In Tuesday's filing, Mueller's office blamed Flynn for other senior Trump transition officials making misleading public statements about his contacts with Russia, an assertion that matches the White House's explanation of Flynn's firing.

"Several senior members of the transition team publicly repeated false information conveyed to them by the defendant about communications between him and the Russian ambassador regarding the sanctions," the filing said.   

As part of his plea deal, Flynn said members of Trump's inner circle, including his son-in-law and White House aide Jared Kushner, were involved in — and at times directing — his actions in the weeks before Trump took office.   

The defendant's extensive government service should have made him particularly aware of the harm caused by providing false information to the government...- Sentencing memo submitted by Special Counsel Robert Mueller

According to court papers, in mid-December 2016, Kushner directed Flynn to reach out to several countries, including Russia, about a UN Security Council resolution regarding Israeli settlements. During those conversations with Kislyak, Flynn asked Russia to delay or vote against the resolution, a request the Kremlin ultimately rejected.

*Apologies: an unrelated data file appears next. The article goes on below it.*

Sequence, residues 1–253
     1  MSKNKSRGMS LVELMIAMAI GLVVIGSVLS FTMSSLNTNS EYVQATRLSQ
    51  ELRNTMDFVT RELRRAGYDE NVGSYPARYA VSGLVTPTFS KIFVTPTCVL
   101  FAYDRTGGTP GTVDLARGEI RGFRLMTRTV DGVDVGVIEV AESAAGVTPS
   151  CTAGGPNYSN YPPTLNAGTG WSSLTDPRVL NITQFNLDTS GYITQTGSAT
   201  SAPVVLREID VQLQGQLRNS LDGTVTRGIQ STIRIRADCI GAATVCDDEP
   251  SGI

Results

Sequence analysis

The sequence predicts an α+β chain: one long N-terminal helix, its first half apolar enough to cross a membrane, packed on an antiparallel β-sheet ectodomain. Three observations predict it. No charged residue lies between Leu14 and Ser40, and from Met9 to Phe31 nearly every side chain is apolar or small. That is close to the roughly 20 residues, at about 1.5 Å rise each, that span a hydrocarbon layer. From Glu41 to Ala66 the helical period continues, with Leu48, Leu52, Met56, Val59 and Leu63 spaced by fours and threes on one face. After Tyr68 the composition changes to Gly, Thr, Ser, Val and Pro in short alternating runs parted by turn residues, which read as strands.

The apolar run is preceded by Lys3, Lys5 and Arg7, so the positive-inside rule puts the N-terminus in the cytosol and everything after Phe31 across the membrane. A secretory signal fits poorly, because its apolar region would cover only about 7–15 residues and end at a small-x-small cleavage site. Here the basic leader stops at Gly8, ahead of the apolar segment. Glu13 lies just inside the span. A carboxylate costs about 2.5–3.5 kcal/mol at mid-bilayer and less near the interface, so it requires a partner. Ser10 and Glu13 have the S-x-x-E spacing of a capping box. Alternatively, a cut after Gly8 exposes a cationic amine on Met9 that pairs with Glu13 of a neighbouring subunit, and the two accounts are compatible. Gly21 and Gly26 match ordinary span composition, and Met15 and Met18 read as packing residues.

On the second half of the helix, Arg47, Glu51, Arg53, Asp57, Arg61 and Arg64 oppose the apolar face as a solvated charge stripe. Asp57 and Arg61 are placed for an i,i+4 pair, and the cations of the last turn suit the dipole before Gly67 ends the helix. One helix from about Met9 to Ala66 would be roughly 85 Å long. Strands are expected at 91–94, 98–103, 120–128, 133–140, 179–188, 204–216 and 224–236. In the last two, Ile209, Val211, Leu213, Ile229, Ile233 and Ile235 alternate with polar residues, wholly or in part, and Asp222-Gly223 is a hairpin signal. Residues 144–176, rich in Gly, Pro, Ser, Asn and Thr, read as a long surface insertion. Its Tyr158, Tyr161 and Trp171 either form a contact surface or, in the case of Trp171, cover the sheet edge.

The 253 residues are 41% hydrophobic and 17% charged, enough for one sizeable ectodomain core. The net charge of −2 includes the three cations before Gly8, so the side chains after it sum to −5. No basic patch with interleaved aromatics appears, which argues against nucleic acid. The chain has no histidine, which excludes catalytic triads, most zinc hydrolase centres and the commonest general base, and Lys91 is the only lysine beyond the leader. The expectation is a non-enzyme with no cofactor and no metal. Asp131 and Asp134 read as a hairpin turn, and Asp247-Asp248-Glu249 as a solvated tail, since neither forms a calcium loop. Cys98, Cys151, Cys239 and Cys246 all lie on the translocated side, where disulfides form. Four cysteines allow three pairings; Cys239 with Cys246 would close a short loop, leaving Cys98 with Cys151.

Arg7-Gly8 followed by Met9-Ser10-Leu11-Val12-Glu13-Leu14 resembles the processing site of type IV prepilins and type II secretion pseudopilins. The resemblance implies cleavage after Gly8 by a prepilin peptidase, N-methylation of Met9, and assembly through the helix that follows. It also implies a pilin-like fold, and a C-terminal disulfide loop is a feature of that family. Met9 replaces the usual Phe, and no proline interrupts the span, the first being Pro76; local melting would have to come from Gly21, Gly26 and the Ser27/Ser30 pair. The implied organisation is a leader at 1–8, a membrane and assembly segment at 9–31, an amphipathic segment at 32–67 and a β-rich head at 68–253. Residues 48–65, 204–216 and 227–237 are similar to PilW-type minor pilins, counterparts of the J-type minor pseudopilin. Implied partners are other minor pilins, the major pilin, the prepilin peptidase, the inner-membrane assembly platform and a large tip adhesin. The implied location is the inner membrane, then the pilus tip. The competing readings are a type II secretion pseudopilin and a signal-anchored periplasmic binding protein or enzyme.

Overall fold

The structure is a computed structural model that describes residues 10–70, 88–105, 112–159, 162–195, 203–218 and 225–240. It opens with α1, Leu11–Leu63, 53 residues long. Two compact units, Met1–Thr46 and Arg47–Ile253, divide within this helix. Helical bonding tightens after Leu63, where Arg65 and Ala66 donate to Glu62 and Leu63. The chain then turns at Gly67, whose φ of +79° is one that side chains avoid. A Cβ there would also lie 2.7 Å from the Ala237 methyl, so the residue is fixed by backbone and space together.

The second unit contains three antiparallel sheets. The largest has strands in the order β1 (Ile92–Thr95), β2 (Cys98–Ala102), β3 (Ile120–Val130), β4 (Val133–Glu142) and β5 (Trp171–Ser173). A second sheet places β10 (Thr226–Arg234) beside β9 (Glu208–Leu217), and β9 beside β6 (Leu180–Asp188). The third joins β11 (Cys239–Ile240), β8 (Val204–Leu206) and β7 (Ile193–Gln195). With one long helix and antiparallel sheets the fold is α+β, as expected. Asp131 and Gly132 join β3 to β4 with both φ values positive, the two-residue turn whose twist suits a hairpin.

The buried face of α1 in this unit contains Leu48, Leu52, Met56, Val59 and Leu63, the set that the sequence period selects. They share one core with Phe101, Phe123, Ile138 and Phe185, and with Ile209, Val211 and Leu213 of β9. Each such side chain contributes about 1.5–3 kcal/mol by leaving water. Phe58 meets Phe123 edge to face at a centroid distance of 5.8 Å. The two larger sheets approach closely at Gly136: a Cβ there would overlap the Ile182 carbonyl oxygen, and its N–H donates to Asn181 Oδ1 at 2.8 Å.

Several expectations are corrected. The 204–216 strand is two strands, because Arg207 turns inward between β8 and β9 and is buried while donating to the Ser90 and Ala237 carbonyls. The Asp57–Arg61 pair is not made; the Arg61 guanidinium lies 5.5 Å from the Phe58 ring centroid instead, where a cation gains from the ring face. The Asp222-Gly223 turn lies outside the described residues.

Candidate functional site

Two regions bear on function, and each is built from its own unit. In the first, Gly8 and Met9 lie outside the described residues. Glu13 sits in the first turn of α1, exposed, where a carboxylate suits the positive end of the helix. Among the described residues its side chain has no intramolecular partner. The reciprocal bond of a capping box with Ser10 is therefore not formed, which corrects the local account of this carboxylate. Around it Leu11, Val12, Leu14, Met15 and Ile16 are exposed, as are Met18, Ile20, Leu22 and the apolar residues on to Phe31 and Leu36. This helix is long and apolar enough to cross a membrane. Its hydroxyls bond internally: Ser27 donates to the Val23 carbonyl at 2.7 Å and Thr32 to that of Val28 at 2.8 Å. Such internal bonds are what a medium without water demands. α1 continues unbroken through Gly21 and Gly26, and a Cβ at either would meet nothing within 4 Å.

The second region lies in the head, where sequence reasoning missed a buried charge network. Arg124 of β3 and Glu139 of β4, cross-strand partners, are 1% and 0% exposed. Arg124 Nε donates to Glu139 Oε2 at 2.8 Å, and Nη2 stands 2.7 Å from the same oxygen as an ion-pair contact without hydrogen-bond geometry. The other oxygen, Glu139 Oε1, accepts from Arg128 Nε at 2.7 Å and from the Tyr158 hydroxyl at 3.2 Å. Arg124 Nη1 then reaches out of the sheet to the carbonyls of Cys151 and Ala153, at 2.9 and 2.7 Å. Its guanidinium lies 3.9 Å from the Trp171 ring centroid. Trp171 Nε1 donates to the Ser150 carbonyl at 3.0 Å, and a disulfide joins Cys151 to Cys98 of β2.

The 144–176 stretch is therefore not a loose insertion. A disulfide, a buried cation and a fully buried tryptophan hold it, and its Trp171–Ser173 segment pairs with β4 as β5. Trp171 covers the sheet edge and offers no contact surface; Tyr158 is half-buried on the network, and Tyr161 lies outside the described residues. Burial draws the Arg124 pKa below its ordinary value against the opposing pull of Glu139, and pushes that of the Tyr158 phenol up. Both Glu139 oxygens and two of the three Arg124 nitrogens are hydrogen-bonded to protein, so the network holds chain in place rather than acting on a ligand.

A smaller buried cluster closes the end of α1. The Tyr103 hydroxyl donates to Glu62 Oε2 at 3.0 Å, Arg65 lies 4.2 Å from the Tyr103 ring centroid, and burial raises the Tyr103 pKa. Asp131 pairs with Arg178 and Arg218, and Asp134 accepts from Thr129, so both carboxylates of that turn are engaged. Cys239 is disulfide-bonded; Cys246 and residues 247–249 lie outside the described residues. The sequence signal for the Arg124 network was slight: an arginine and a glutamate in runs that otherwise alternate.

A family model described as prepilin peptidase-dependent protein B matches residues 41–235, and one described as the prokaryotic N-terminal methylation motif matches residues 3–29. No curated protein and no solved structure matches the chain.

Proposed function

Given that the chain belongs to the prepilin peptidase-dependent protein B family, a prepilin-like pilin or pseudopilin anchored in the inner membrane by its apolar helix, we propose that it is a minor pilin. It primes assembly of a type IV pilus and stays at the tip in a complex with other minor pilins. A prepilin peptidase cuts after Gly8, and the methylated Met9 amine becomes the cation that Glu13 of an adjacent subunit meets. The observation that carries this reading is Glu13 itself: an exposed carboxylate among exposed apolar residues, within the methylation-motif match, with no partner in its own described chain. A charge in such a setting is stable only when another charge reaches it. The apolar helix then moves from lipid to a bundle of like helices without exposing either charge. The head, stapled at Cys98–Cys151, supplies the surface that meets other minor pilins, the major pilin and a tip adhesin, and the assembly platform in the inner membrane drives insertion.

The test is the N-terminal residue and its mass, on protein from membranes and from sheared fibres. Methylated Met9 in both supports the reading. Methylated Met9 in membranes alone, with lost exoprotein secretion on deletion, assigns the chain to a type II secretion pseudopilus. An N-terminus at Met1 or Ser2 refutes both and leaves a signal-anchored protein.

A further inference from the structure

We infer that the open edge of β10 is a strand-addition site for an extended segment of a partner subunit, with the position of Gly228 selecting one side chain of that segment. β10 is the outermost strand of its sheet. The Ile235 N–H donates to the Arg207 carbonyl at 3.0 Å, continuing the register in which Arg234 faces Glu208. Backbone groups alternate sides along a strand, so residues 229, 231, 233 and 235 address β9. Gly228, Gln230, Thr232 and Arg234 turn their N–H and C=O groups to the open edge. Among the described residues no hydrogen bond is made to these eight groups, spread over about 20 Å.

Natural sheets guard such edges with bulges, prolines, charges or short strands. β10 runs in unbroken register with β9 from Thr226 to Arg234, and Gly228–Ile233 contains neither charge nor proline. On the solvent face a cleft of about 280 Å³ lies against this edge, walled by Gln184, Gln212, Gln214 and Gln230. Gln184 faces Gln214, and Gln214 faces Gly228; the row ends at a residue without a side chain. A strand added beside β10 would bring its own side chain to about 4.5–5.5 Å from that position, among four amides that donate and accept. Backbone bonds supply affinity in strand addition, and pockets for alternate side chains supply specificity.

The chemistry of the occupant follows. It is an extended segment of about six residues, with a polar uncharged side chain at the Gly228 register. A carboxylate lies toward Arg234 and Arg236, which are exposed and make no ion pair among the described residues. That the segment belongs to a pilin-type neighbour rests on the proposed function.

Flynn also admitted that later in December 2016 he asked Kislyak not to retaliate in response to the Obama administration sanctions, something he initially told FBI agents he didn't do. Flynn made the request after discussing it with deputy national security adviser K.T. McFarland, who was at Trump's Mar-a-Lago resort, and being told that Trump's transition team did not want Russia to escalate the situation.

Mueller noted Flynn's "exemplary" military and public service record in his filing, but added that his service "should have made him particularly aware of the harm caused by providing false information to the government, as well as the rules governing work performed on behalf of a foreign government." 

Flynn's crime of lying to the FBI carries a statutory maximum sentence of five years in prison. However, his plea agreement states he is eligible for a sentence of zero to six months and can ask the court not to impose a fine.

Behaviour raised eyebrows